The ME 109 could also carry 20 and 30mm cannons (which fired at a slower rate). I would not want to get hit by anything falling from these battles, but a 1 inch diameter piece of lead falling out of the sky could be a problem (as unlikely as it would be that you would be hit by it)

IMO not really.

As you said, the whole affair is moving forward across the ground at a good clip, so the bullets are spread out along the bomber’s line of flight. But there’s more.

From the bomber’s POV, they may all be aiming at the same spot. But they’re mostly missing. The bullets don’t stop when they get to the aim point in space; instead they keep going. And since they were aimed from various spots on the bomber inwards in a cone towards that the aim point, they’ll diverge outwards in a cone away from that aim point until they run out of muzzle oomph & simply fall to Earth.

Gunners would try to shoot at about 500 or less feet. That was the limit of effective aiming & hitting. 200 was even better. But the gun has a ballistic range of a mile or more. IOW, about 10-20x as far. So the bullet cone will grow to be about 10-20x bigger than the bomber is by the time the bullets are just free-falling. So 50-75 feet spread at firing time converges to the ideal aim point then expands out to become a 500-1500 feet spread at landing time.

You’ve also got the issue that even from the bomber’s POV the fighter is not a stationary target. So the whole time a gunner is shooting, he’s traversing his gun to track the target. As are all the other gunners. Which further spreads out the fired cone of bullets.

Last of all, the gunners were really pretty crappy shots. Not because they were incompetent bozos (they weren’t), but because it was a darn hard job to do well with the tools they had. Each gunner had his own perspective on the incoming fighter. Each decided whether and when to fire on his own. How much to lead & aim high & such was 99% judgement, 1% measurement. And so each missed in a different direction; above, below, ahead, behind, left, right.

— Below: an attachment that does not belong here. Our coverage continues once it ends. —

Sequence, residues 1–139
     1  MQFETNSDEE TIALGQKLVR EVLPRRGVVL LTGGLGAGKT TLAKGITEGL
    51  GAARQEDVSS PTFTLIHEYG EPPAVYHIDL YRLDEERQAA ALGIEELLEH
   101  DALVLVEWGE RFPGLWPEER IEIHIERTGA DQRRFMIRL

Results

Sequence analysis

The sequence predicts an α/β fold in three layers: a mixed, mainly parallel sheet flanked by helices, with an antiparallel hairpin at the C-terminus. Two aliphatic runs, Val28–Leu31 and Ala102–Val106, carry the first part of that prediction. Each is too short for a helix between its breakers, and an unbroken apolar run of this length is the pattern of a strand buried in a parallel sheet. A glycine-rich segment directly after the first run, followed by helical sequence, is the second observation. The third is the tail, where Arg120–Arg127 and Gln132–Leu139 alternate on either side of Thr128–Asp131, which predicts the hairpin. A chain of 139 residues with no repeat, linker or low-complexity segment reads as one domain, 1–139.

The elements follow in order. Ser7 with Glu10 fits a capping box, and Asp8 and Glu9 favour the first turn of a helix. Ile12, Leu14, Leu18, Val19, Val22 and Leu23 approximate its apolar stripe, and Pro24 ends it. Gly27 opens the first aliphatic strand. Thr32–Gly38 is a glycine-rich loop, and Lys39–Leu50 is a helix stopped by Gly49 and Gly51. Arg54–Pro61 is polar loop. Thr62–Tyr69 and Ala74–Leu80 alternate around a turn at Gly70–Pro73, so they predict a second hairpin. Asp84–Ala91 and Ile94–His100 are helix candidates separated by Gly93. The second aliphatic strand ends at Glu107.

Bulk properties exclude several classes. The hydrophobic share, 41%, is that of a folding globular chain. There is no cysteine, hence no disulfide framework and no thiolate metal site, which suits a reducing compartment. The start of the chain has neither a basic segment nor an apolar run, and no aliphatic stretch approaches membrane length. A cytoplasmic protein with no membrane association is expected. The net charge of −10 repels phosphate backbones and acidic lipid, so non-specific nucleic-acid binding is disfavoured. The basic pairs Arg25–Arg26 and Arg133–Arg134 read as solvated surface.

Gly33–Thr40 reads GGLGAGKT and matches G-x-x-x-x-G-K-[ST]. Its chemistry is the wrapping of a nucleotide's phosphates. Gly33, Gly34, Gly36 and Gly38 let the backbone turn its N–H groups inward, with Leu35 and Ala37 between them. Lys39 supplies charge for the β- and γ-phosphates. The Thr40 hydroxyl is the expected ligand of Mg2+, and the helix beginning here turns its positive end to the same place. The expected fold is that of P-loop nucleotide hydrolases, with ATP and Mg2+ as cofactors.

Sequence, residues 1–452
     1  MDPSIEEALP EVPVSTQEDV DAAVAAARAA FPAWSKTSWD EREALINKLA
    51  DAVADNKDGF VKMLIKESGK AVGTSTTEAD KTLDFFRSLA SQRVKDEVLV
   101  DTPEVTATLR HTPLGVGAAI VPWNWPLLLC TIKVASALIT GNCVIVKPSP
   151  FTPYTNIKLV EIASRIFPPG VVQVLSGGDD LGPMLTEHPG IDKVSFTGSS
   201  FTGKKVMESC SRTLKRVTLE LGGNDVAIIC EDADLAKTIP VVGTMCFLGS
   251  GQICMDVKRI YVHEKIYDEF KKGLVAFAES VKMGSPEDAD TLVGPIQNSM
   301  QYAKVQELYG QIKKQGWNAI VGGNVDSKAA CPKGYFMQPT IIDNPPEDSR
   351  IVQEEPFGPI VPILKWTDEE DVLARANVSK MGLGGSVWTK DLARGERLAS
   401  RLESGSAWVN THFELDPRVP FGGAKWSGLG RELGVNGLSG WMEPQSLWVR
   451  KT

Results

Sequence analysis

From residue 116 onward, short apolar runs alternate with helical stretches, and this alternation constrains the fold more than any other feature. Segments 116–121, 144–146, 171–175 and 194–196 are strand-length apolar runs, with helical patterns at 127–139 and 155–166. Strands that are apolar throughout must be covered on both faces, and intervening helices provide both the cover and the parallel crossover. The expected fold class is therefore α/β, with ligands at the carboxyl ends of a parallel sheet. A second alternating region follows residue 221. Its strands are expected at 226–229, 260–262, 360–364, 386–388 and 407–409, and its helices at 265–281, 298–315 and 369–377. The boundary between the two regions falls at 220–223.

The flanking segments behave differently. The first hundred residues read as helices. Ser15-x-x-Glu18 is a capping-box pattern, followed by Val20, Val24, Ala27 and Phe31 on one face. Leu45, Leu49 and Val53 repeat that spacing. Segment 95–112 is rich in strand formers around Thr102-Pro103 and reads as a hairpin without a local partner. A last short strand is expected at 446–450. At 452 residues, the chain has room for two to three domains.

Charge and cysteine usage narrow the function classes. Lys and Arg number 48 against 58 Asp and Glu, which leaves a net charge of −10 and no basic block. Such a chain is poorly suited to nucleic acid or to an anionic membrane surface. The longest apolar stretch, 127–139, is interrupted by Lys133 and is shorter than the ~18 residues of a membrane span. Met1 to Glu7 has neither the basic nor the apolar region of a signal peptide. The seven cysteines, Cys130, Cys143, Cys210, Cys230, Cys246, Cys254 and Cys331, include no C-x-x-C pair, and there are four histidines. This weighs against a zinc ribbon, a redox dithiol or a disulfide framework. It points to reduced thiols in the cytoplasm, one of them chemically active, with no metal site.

In any random process there’s going to be thick and thin spots. We’ve all watched moderate rainfall which suddenly has a thick spot in it for a few seconds, then thin spots etc. The big difference here is the density is so slim that even a momentary concentration to 20x is still not much bullet-fall in absolute terms versus a person with a 2 square foot footprint on the ground.

If I can continue with a kind of relevant irrelevance, an old neighbour of mine (no longer with us) talked about the big German raids coming over the town (Bedford) on the way to the West Midlands. She said the ground would feel like it was shaking as they flew over. Despite having several engineering firms the town was never properly bombed (i.e. one or two bombers getting shot of their load on the way home), and some say it was because of the Hitler Tree.

So in the middle of the worst war in human history, when the future of Britain and Europe hung in the balance, and all resources were being dedicated to total war …

… the BBC felt it necessary to send out a team to record a nightingale singing.

That is very reassuring, in an odd sort of way.

NM, wrong thread

Well, they’d been doing the birdsong thing pretty much since the BBC started (and still occasionally do), and I suppose in dark times there needs to be some sort of constancy, even if it is in a white-knuckled “Some things are still normal, some things are still normal” way. :o